The haze that blurs scenic views in the Columbia River Gorge for many days each year isn’t decreasing. But it isn’t getting worse either, even with population growth in the Portland-Vancouver metro area, and the closure of Oregon’s only coal-fired plant in 2020 will help restore the sweeping vistas that gave the nation’s only national scenic area its name.
That’s part of the message Washington and Oregon air quality experts will deliver to the Columbia River Gorge Commission on Tuesday after more than a decade of research and monitoring of Gorge air quality.
Portland General Electric’s coal-fired plant in Boardman, Ore., located east of the national scenic area boundary, remains the most significant individual contributor to haze, air quality issues and acid precipitation in the Gorge, air quality experts said. The Boardman plant is now scheduled to close in 2020; between now and then, it’s expected to reduce haze-producing emissions by nearly half.
The Gorge Commission’s involvement in air quality issues dates to 2000, when the bistate panel amended its management plan to state that air quality in the scenic area “shall be protected and enhanced” consistent with the purposes of the 1986 National Scenic Area Act.
The commission, which has had neither a staff nor a budget to work directly on air quality issues, asked the states to develop and implement a regional air quality strategy that would lead to improvements in haze. The U.S. Forest Service contributed to the effort by expanding its own air monitoring program in both the western and eastern Gorge.
In 2003, when the Washington Department of Ecology stopped funding its haze management program, the Vancouver-based Southwest Clean Air Agency stepped in to fill the gap. Both states continue to monitor haze-producing emissions in the Gorge, but plans for a bistate air quality advisory committee and more technical studies were scrapped or scaled back after 2003 due to lack of funding.
The Yakama Nation and the Confederated Tribes of the Umatilla Indian Reservation, concerned about the deterioration of Indian rock art due to acid precipitation, commissioned their own air quality studies.
Air quality experts determined that sources from throughout the region, even from as far away as Canada, contribute to haze in the Gorge. The impaired visibility is noticeable in both winter and summer but is generally worse in winter, they said. Portland-area emissions contribute to summertime haze in the western Gorge, but the so-called “Portland plume” is not a primary contributor to winter haze, they concluded.
The air quality agencies decided not to set a numerical goal for improving air quality in the Gorge. There’s no scientific justification for defending such a standard, they said, and “widely divergent and strongly held opinions” among Gorge residents about what an appropriate goal would be likely “would lead to a long and divisive debate” that could actually become an obstacle to achieving air quality improvements.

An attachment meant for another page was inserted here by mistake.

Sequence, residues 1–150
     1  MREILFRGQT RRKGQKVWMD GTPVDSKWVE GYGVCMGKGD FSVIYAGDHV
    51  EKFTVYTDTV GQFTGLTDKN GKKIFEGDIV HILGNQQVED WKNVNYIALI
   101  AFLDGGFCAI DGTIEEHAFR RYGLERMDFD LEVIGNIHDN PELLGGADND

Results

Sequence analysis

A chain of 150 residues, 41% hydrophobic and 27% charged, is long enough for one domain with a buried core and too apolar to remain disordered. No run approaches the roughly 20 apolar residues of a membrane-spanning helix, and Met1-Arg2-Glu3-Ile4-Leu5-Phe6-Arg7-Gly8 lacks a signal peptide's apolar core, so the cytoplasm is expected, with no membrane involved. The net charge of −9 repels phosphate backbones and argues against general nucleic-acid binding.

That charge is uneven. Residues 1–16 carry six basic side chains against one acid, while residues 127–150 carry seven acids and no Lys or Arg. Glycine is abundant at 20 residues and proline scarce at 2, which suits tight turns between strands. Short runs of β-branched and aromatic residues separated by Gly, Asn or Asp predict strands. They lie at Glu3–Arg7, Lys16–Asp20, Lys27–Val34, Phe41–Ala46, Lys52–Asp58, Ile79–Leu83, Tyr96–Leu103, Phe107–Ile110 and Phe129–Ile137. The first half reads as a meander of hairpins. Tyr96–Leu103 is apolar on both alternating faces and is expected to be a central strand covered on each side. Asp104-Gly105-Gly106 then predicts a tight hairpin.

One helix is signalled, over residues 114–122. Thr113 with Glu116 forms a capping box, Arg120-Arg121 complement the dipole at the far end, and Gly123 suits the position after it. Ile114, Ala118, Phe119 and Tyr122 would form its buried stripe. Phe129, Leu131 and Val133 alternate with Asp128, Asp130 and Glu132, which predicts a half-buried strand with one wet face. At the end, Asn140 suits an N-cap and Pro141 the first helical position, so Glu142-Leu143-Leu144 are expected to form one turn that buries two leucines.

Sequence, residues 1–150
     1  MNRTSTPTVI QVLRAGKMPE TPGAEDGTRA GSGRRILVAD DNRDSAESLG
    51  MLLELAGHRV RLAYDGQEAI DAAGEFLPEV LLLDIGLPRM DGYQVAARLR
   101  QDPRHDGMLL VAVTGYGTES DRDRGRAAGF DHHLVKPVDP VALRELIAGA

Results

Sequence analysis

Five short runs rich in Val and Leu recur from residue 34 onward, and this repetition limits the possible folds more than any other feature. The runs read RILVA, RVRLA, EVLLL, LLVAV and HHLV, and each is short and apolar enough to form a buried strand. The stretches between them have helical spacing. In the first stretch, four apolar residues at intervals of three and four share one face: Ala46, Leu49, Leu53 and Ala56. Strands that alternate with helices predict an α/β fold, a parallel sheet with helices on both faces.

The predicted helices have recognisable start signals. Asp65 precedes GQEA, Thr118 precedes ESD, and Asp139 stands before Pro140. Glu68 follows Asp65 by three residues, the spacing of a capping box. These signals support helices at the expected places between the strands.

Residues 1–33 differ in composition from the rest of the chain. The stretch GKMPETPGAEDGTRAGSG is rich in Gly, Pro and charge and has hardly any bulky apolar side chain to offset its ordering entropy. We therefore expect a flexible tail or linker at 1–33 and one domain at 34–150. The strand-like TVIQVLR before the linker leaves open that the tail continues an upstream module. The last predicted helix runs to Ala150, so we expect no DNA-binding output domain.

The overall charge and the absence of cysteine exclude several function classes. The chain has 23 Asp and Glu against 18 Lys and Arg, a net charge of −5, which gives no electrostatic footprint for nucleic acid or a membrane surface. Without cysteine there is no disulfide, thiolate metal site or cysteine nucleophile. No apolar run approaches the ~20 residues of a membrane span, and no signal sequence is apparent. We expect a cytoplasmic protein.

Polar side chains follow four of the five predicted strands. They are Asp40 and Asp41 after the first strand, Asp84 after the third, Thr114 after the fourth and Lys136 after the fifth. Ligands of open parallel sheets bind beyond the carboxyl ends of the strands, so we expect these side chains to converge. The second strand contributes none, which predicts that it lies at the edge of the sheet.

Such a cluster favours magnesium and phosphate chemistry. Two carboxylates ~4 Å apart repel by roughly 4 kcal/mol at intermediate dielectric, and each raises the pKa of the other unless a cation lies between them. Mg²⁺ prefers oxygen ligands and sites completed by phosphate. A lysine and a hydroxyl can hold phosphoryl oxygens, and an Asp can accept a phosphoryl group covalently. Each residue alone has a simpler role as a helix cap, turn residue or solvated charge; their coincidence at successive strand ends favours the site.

The most efficient way to stay on top of air quality trends going forward, they said, is through implementation of the federally mandated Regional Haze Program. Part of the federal Clean Air Act, the program sets standards intended to lead to pristine air quality with “no man-made impairment” in national parks and wilderness areas, known as Class 1 areas, by the year 2064. It requires five-year progress reports and stringent emission controls on major sources of haze, such as the Boardman plant.
The Gorge itself is not a Class 1 area and never will be, the experts said.
“Due to the mix of urban and rural activities in the Gorge, long-term visibility improvements cannot be expected to reach ‘natural conditions’ as is the case for pristine wilderness areas and natural parks,” they said. But the Gorge, sandwiched between wilderness areas around Mount Adams to the north and Mount Hood to the south, will benefit significantly from measures taken to improve visibility in those Class 1 airsheds, they said.
Adopting the Regional Haze Program as the strategy to improve visibility in the Gorge “provides milestones, benchmarks and the legal framework that would not otherwise exist” for taking action to reduce haze in the Gorge, the experts said.
Stringent new emission controls at the 600-megawatt Boardman plant are expected to reduce haze-forming emissions by 48 percent between now and 2019 and eliminate those emissions when the plant closes at the end of 2020. Sulfur dioxide and nitrogen oxide emissions from the plant can travel as far as 200 miles and currently contribute to impaired visibility in 14 Class 1 areas in Oregon, Washington and Idaho.
Phased closure of the Trans-Alta coal-fired plant near Centralia beginning in 2025 also is expected to reduce regional haze. That plant is twice the size of the Boardman plant.
Other sources that mar air quality in the Gorge include natural wildfires, emissions from autos, ships, locomotives and construction equipment, and residential heating. Regulatory efforts requiring vehicles to meet low emission standards, retrofitting of diesel engines to use ultra-low sulfur fuels, and development of smoke management plans to keep smoke out of the Gorge during prescribed burns all will contribute to improved visibility over time, said Paul Mairose, chief engineer for Southwest Clean Air.
“We anticipate the early years may be easier to get progress than in the latter years,” Mairose said. “In the early years, we’re taking a look at major point sources. We know that transportation and other sources are bigger contributors. There will be a lot of opportunities in the future to replace our carbon-based fuel engines.”